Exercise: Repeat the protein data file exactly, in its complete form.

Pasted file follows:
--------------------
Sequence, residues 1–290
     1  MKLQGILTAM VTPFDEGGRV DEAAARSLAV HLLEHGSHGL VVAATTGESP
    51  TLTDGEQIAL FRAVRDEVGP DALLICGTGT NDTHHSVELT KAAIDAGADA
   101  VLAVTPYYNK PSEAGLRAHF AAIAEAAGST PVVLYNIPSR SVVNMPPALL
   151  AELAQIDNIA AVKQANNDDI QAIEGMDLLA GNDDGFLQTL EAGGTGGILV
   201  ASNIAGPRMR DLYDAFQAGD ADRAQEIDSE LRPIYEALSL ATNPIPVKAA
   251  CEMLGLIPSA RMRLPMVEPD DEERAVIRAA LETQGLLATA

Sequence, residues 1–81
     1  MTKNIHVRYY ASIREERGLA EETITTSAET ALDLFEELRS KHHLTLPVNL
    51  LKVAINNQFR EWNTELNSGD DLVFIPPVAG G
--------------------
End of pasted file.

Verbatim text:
Sequence, residues 1–290
     1  MKLQGILTAM VTPFDEGGRV DEAAARSLAV HLLEHGSHGL VVAATTGESP
    51  TLTDGEQIAL FRAVRDEVGP DALLICGTGT NDTHHSVELT KAAIDAGADA
   101  VLAVTPYYNK PSEAGLRAHF AAIAEAAGST PVVLYNIPSR SVVNMPPALL
   151  AELAQIDNIA AVKQANNDDI QAIEGMDLLA GNDDGFLQTL EAGGTGGILV
   201  ASNIAGPRMR DLYDAFQAGD ADRAQEIDSE LRPIYEALSL ATNPIPVKAA
   251  CEMLGLIPSA RMRLPMVEPD DEERAVIRAA LETQGLLATA

Sequence, residues 1–81
     1  MTKNIHVRYY ASIREERGLA EETITTSAET ALDLFEELRS KHHLTLPVNL
    51  LKVAINNQFR EWNTELNSGD DLVFIPPVAG G